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I say go for it. It may seem expensive but it’s still cheaper than boats and horses. Haha.

I did quite a lot of work on a 46 Taylorcraft. The A&P was cool about it, He saw my work and totally trusted it and me. It’s all about relationships.

Get something you can have fun on and start building those relationships. Sounds fun!

I’m still looking for a cheap DC3. Lol
 

akwrencher

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Lol, not much is more expensive than boats and horses. If you like restoring things, go for it. Few manage to come in under market value. It's a labor of love, understand that and proceed accordingly. Same thing goes for lots of other projects, most old cars, boats, etc. It's a hobby. Once in a blue moon you'll come across something truly worth some cash when done. Most of us aren't that lucky. Although, I did pick up a 66 mustang with a mostly done engine for $500 bucks. Now if I could just find time to work on it.....
 

Pilot-34

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Lol yes if life was about the money I’d look at pictures , buy fish in a can and steak in a box.....
 

Tom Emery

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I suspect there are a few in this forum that have ignored the conventional advice and purchased hanger queen to rejuvenate.
For those of you that have what have you found that were either major stumbling blocks or completely brought you to a stop?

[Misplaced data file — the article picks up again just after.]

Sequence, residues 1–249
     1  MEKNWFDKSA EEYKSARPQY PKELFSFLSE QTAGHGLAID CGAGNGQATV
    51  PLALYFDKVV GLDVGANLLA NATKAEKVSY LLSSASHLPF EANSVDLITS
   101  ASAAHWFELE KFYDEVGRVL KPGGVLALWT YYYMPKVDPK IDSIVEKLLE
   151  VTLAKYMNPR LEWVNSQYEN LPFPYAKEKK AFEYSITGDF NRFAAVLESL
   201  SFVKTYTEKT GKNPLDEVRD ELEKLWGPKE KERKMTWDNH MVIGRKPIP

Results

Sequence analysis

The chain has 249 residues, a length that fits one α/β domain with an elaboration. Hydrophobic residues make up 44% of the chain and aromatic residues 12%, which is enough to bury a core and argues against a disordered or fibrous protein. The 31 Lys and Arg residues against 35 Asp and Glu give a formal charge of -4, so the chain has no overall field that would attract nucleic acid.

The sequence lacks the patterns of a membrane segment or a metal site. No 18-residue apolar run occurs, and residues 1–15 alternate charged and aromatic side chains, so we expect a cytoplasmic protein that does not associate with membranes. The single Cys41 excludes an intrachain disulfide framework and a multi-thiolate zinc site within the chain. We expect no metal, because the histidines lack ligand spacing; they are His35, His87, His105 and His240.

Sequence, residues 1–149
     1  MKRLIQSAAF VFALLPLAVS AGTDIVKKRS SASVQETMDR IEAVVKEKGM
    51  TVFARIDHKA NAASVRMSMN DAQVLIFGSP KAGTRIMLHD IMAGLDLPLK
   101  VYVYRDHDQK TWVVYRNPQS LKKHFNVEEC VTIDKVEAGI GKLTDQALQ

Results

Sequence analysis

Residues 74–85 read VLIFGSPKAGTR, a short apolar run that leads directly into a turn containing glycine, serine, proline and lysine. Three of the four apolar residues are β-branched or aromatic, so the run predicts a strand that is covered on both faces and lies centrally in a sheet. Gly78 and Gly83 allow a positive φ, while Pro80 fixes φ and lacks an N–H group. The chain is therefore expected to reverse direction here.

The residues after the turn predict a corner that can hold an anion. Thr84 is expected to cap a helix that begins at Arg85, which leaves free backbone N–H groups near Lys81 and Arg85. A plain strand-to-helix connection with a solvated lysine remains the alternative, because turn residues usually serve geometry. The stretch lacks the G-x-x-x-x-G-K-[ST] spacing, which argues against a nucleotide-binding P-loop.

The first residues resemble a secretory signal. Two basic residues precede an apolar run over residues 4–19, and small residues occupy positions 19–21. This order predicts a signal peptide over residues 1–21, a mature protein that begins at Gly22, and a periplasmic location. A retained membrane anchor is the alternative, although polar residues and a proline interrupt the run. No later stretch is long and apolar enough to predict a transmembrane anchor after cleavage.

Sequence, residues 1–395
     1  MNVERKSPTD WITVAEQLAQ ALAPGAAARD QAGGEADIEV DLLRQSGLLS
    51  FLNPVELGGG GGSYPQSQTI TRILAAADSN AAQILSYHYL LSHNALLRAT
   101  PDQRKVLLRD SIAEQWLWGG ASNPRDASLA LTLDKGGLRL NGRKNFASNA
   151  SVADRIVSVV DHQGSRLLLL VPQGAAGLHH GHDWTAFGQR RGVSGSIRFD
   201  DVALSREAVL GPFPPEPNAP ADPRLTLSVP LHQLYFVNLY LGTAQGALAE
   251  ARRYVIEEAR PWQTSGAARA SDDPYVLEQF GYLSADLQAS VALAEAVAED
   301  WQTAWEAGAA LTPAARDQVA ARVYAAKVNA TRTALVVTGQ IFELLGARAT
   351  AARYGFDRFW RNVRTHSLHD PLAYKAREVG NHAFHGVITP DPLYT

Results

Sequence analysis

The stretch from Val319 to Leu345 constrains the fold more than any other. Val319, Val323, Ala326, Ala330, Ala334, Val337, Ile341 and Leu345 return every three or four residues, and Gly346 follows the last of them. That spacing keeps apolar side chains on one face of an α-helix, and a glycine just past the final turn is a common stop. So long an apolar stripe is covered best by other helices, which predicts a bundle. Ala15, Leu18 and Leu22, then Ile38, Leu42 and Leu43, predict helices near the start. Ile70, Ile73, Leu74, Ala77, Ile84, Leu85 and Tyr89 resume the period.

I have come across aircraft that have spent as much is 20 years in a heated hanger without being flown.
Course there’s always the derelict at the end of the runway that has sat there sinking into the soil or even the asphalt for the last 20 years.
For those that have done it are there things that are a major positive?
Found a sailboat sitting in a field for 15 years. Rebuilt her. Sailed her. Lived on her. Sold her.
44' Kelly Peterson center cockpit cutter rig. Paid $7500.00. Invested 50,000. Sold her for 58.000. Broke even.
 

Derswede

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Local private strip is populated with hanger queens. Had an A&P friend walk the line with me one day, the only plane there out of 20 or so that he said looked decent was an Aeronca Chief. Spent the next few weeks trying to buy it, owner said (and we all have heard this!!), "no, don't want to sell it, will get it back flying one day!" Two years later, still there. Owner is on the north side of 75, has a nice disassembled 140 Cessna in his back yard building, wife says "No Hand-propping anymore!" and the son is an airline captain who lives in a condo in TX. Only way to get one of these birds will be at the estate sale.